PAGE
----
Friday, November 10, 2006


A clash of moral systems: The case of Shylock and the Venetians:

A fallacy is a component of an argument which is demonstrably flawed in its logic or form, thus rendering the argument invalid.

Untranslatability is a term borrowed from Translation theory, meaning that no translation between languages is ever possible because each language is a closed, self-referential culturally bound, hermetic system.

In Shakespeare’s play, the Merchant of Venice, we are presented by two seemingly mutually-exclusive ethical systems: Judaism, as represented by Shylock, and Christianity as represented by the Venetians.

Literary critics claim that the real tug of war in this play is between Jewish legalism and Christian notions of merciful justice.

Antonio, the titular Merchant of Venice, and Shylock, the money lender, are two men, who would have been great partners in later times. But their relationship progresses against an uncompromising religious, social and cultural backdrop. Antonio is an insider, Christian, friend of the aristocracy, secure in his social acceptance. Shylock is a Jew, a pariah outsider in a hostile environment, tolerated because he has money and is of some use. He can only rely on the law and his money to protect him. The clash between the two comes to a head in a trial scene, where a standoff between the two evolves from a transactional dispute to a struggle between competing systems of morality.

The play is bracketed between two very famous speeches: Shylock’s “hath not a Jew” and Portia’s “Quality of mercy”. Shylock invokes a universal code for negotiating human rights between others. In this, Shylock attempts to pre-empt the brutality of his later confrontation with Antonio by appealing to the latter’s decency and compassion.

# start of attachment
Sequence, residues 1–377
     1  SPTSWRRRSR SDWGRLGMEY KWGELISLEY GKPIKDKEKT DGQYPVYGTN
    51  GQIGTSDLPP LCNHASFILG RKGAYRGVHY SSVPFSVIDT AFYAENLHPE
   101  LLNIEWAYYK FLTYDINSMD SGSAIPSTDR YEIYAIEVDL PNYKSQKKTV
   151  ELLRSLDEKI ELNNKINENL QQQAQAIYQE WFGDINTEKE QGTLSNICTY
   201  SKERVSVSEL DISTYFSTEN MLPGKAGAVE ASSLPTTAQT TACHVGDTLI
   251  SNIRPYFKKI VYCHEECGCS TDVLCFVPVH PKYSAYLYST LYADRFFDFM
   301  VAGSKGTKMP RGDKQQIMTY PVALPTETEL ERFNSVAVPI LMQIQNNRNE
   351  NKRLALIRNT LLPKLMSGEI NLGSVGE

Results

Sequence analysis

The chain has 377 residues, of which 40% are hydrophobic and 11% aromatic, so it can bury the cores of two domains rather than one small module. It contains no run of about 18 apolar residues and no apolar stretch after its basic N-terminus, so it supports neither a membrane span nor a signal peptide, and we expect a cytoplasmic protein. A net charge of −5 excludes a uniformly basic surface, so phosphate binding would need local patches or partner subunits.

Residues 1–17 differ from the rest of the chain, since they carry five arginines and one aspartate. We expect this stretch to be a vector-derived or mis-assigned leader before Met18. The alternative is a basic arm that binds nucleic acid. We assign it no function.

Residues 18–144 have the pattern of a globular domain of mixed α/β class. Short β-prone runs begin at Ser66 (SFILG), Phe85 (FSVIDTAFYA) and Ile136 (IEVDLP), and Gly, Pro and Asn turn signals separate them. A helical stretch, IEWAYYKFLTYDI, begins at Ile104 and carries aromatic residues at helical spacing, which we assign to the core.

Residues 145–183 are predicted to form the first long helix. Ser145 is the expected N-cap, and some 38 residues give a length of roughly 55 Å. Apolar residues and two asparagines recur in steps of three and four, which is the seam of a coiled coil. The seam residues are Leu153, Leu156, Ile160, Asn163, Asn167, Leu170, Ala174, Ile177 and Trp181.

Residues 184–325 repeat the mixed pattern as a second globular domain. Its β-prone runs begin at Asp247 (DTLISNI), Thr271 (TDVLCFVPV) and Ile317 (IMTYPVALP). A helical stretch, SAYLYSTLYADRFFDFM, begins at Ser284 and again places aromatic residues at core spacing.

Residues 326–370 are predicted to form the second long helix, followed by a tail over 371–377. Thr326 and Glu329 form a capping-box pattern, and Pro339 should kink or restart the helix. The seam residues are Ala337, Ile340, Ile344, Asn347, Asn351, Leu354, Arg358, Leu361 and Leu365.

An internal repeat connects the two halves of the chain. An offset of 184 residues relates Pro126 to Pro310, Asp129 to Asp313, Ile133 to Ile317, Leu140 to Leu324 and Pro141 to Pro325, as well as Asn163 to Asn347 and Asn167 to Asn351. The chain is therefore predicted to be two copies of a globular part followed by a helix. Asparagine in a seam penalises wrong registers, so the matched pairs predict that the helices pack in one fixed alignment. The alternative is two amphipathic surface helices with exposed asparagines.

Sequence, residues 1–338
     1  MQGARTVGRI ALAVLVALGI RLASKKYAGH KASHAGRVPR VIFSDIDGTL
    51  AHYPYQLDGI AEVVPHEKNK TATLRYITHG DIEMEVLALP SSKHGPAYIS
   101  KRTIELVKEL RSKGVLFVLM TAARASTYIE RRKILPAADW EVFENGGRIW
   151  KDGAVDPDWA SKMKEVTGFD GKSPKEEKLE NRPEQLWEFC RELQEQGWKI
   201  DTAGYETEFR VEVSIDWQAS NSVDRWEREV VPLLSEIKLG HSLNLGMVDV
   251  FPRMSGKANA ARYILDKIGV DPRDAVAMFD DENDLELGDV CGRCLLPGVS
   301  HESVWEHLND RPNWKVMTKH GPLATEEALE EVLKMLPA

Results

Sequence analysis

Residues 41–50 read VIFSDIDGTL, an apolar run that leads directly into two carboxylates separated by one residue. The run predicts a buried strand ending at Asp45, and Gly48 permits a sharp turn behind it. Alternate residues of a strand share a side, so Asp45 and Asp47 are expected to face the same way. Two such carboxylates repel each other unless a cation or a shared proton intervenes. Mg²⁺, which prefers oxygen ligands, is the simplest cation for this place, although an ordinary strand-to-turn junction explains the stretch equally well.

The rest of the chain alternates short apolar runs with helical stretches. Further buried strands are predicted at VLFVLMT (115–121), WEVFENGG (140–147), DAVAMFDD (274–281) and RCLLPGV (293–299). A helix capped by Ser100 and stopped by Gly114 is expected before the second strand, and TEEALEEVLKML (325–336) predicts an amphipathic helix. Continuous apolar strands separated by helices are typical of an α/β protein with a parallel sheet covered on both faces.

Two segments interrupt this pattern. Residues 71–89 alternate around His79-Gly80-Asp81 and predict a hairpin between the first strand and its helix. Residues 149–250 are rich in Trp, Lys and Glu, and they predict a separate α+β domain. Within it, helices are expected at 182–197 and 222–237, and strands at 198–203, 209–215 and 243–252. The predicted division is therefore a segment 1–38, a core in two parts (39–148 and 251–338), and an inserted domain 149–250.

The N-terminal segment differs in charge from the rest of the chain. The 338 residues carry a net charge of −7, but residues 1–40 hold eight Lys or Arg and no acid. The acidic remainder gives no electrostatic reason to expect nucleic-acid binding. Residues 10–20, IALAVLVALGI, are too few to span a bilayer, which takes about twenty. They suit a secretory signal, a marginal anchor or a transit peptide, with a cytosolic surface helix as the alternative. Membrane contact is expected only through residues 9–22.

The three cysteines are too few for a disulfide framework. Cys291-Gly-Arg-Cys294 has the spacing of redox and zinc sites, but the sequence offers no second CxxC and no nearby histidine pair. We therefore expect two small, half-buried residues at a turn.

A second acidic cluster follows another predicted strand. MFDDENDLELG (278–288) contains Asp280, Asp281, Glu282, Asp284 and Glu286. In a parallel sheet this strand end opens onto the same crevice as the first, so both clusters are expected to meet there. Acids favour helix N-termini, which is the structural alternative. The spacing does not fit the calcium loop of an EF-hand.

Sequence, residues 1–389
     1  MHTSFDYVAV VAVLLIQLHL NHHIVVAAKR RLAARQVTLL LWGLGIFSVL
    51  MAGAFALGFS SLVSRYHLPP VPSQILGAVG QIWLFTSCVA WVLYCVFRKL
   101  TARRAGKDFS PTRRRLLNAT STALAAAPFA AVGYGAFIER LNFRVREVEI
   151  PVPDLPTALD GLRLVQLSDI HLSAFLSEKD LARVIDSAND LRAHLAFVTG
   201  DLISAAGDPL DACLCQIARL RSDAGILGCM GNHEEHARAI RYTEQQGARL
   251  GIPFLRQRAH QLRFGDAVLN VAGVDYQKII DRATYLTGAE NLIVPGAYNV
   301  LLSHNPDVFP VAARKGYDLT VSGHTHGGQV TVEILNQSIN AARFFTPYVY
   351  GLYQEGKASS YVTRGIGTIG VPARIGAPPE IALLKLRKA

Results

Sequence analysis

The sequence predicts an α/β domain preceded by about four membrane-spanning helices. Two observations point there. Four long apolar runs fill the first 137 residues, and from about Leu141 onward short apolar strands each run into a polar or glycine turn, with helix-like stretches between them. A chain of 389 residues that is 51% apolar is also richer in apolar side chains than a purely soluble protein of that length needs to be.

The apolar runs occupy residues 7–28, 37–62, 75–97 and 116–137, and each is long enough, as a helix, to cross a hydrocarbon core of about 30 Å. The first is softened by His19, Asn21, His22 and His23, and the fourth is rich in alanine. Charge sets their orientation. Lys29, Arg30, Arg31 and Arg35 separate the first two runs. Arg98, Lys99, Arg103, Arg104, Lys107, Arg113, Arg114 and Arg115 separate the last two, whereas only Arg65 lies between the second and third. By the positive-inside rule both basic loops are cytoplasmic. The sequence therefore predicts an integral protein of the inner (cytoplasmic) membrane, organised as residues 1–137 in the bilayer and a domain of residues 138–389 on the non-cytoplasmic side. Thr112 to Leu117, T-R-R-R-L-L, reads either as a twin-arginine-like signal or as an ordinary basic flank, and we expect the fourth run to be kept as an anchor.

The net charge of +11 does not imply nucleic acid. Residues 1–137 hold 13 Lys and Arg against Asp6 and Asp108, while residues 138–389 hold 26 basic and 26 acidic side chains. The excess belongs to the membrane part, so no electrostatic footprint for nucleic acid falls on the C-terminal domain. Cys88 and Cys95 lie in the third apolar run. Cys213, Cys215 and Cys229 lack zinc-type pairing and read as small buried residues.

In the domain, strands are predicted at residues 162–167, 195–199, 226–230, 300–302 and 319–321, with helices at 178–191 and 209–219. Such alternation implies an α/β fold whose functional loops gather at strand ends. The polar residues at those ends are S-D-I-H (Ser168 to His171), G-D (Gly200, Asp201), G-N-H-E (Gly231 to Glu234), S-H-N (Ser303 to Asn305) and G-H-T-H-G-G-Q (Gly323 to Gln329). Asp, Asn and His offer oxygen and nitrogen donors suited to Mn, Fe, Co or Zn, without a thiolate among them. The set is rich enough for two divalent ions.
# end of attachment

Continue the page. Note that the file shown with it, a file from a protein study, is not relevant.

Portia explains in very beautiful terms that legalistic application of the law is not a humanistic type of justice which serves society’s good. “Mercy seasons Justice” she says, meaning that the quality of mercy makes the process of justice a matter of negotiating between human beings, makes it relevant to what it means to be a responsible person in a society.

The two speeches encapsulate the ideas that formed the basis for the universal charter for human rights: Shylock demands dignity of the individual, his basic right to the integrity of his body, his feelings, his right to make a living, his right to be enraged by insults and injustice. He speaks for the victim, the pariah, the other. Portia speaks for mainstream society when she claims that justice is only relevant when tempered with mercy. Justice without mercy feels too much like revenge, vengeance. Justice with mercy takes into account that we are all human and therefore fallible.

But what actually unfolds in the play is the very opposite.


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